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Campus Spirit Encouraged Alumna to Pursue Fungi Research

March 5, 2014

Graduate school is a constant state of discovery, something UC Merced alumna Jackie Shay credits for her current passion: fungus.

Shay just returned home from a month in the humid climes of Madagascar in search of species in the Marasmius genus — a tiny, relatively inconspicuous-looking mushroom that acts as a natural recycler of fallen leaves and branches.  

“I went to several forests, got on my hands and knees, and collected these little guys,” said Shay, who’s currently working on her master’s in mycology — the study of fungi — at San Francisco State University.

Shay’s foray into fungus came in 2011 after reading an article on marine fungi, something she — like many — didn’t know even existed. Intrigued, Shay contacted Anthony Amend, a professor of botany at the University of Hawaii at Manoa, who was doing some major work in the field. It turned out to be a pivotal moment in Shay’s life, and she soon found herself researching programs around the West Coast. And it might not have happened if it wasn’t for her time at UC Merced, which she says creates an environment that encourages students to be bold in approaching professors about their research.

Shay, who graduated from UC Merced in 2009 with a bachelor’s degree in biological sciences, said the university’s class structure also played an important role in her life.

“One thing I loved about UC Merced was the integration of different fields,” she said. “Some classes were co-taught by different professors. I love that idea. That approach is not as widespread as it should be.”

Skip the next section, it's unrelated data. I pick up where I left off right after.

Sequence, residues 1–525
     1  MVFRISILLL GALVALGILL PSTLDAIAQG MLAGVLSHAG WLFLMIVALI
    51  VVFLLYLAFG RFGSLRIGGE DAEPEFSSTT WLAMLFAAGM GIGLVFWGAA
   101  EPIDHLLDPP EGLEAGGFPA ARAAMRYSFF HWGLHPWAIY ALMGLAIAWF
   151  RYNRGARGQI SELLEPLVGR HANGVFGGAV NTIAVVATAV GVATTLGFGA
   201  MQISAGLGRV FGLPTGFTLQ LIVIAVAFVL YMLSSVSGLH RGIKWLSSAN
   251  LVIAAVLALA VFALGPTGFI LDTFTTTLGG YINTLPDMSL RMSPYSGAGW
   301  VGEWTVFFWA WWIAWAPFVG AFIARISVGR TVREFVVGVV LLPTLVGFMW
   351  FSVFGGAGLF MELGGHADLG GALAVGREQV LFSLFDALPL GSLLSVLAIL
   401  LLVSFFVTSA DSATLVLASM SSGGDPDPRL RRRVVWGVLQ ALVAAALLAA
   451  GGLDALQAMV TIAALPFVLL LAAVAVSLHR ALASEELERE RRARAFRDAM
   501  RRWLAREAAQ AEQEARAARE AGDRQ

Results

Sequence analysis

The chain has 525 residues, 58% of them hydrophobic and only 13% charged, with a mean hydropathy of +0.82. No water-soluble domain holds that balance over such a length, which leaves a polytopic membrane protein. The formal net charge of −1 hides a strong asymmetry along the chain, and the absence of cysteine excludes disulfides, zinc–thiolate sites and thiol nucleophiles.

That philosophy has manifested itself in her own field of study, which aside from mycology, includes ecology and systematics. Shay is still in the early stages of her current research, having just brought her specimen back to the Desjardin Lab at SFSU, where she’ll spend the next few weeks identifying the different species of Marasmius. One thing Shay has discovered in her journey is that the more she learns about fungi, the less she actually knows about it.

“I’m constantly learning — there’s so much to know, and so much unknown,” she said. “We only know about 10 percent of what fungus has to offer. It’s nice that there’s so much room to work with.”

Shay plans to finish her master’s thesis in the spring of next year. From there, her future is wide open.

While Shay loves working in a lab, she’ll likely continue her education and pursue a Ph.D. Shay admits that this is the first time in her life where she doesn’t have a concrete plan. But she welcomes the adventure. A lifelong traveler, she’s always had an adventurous spirit. Shay went to Africa at age 13 with her family, and has since served in the Peace Corps, taking her to Morocco with jaunts to England, India and Ireland.

That intrepid spirit is also what led her to UC Merced when the campus opened in 2005.

“There was something so different about it,” Shay said, adding that helping shape the university’s identity was important. “UC Merced ended up being my first choice. I loved every minute of it; it was a really big part of my life.”